MOOCs: More Than Courses

8613376533_6a500513fa_zTwo years after Massive Open Online Courses (MOOCs) first emerged as free, online educational opportunities for the public, they are still a growing trend. Platforms such as Coursera, Udacity, and edX continue to add new courses, and participants continue to enroll in classes that feature university professors and industry experts as instructors. However, these courses’ strikingly high dropout rates hide in the midst of louder success stories in online education. Researchers from Harvard and the Massachusetts Institute of Technology calculated that approximately five percent of registrants for Harvardx and MITx finish their courses and earn a certificate. Less than half of registrants even makes it halfway through the course materials.

While high dropout rates certainly demonstrate that MOOCs do not retain students as well as traditional courses, they also raise the question of whether MOOCs should focus on retaining students like traditional education does. The question stimulates a broader conversation about the nature of MOOCs and how they should be used. Although they are called “courses,” many MOOCs actually occupy a different educational niche than traditional courses do. Harvard’s EdX MOOCs in particular can be thought of as a cross between textbooks and television that presents new opportunities for participants and educational researchers, in learning and pedagogy respectively.

Shunning the Term “Course”

While the MOOC “The Ancient Geek Hero in 24 Hours” involves professors, lectures, assignments, and assessments, its instructors avoid calling their class a course. As Leonard Muellner, Professor of Classical Studies at Brandeis University and the class’s co-instructor, explained to the HPR, “we kind of shun from using the word ‘course’ on what we do … we try to avoid the notion that it’s like a standard course.” To this end, Muellner and his colleagues also refer to class registrants as participants instead of students.

A handful of participants–about 25 percent for Muellner’s class–register but never access course content. On the other end of the spectrum, a few students watch most to all of the videos and complete enough assignments to earn a certificate. Others, dubbed “explorers,” engage in some class material but do not finish enough requirements to receive a certificate. If MOOCs were purely analogous to traditional classes, these registrants would fail the class and experience the negative consequences associated with failing–but they don’t. In fact, most participants walk away with rewarding experiences, regardless of their investment in the course. “Our experience really has been that explorers are people who selectively throw themselves into it, sometimes to a degree that is remarkable and life-changing for them,” Muellner told the HPR.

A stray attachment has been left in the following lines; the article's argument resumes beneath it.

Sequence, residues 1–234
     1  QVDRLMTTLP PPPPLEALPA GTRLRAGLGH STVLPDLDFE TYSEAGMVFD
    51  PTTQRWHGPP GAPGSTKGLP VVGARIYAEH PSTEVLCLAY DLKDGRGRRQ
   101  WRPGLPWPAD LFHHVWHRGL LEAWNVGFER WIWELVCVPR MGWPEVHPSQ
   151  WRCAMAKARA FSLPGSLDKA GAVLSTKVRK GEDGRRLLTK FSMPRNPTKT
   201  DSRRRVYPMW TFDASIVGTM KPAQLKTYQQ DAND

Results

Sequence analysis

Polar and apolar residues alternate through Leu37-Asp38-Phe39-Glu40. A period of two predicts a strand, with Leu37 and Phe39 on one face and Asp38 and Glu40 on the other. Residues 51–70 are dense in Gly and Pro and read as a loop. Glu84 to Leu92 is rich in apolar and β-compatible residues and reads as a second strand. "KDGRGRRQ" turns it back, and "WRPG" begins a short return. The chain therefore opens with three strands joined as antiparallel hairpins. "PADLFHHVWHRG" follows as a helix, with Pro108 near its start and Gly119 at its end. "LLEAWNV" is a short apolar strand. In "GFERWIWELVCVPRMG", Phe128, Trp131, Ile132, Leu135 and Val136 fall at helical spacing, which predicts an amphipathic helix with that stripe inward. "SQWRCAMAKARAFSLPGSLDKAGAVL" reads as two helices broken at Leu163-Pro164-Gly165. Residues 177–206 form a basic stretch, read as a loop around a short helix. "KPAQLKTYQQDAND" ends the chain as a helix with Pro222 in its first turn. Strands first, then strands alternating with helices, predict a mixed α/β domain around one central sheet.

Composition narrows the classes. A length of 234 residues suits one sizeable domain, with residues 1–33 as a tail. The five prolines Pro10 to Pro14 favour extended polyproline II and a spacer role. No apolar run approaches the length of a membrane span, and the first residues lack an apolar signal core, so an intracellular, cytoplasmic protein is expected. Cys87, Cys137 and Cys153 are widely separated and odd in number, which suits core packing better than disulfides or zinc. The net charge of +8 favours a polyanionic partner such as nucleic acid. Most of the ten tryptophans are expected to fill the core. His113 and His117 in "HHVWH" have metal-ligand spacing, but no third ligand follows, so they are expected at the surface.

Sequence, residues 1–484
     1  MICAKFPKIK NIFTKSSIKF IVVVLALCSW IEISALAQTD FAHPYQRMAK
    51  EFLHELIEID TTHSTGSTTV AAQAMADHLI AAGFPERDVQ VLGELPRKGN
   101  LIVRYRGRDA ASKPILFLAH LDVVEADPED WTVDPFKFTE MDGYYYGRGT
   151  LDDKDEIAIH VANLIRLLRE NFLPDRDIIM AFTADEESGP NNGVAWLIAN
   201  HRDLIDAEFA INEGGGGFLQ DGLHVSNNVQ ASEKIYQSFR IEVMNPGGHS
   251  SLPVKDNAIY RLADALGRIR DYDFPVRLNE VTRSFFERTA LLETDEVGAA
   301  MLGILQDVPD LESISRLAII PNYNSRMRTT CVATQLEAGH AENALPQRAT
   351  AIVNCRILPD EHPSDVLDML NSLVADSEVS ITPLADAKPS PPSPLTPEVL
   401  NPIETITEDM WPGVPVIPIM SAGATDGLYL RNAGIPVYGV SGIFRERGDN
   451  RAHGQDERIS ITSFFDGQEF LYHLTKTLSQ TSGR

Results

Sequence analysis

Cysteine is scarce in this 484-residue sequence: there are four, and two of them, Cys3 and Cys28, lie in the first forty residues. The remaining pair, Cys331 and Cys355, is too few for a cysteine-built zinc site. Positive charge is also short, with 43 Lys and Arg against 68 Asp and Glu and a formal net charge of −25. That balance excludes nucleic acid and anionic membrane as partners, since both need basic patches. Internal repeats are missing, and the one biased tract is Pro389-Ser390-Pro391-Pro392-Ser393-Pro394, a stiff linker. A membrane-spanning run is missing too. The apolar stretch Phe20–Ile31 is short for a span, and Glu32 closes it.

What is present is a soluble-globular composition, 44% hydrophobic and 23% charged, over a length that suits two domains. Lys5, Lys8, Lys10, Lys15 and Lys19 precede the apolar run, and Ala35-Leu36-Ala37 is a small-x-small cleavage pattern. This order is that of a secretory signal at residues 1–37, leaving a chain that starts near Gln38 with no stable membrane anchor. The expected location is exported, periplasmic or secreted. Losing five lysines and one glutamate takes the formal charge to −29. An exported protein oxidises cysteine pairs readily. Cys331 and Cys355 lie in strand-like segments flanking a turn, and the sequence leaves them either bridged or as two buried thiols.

Muellner’s participants are usually adults with advanced careers, family commitments, and daily routines that are different from those of students. These participants often enroll in MOOCs with very specific goals; for instance, engineers might sign up for a class on circuitry to learn about one particular topic, or a librarian may sign up for a poetry class to see how a professor talks about one particular text. With goals and participation levels that diverge vastly from those of the conventional student, these participants illustrate that MOOCs fit a different societal niche than traditional education.

The Search for an Identity

If a MOOC is not really a “course,” then what is it? Some perspectives on this question focus on how MOOCs lack certain elements of a traditional education. MOOCs certainly lack real-time, hands-on teaching. Michael Parker, an Assistant Professor of Medicine and the Faculty Director of Online Learning for External Education at Harvard Medical School, described the difficulties of teaching Musculoskeletal Anatomy in an online format. On a practical level, it may be more difficult to learn anatomical structures online versus through hands-on experiences like dissections. Meanwhile, Parker emphasized that teaching anatomy via a MOOC provides an opportunity to explore creative approaches to conveying the material in a digital format, such as overlays on video or 3D viewing. “One of the interesting challenges in this course … is how to convey that sense of wonder, the privilege of being able to see the structures that make up the human body.”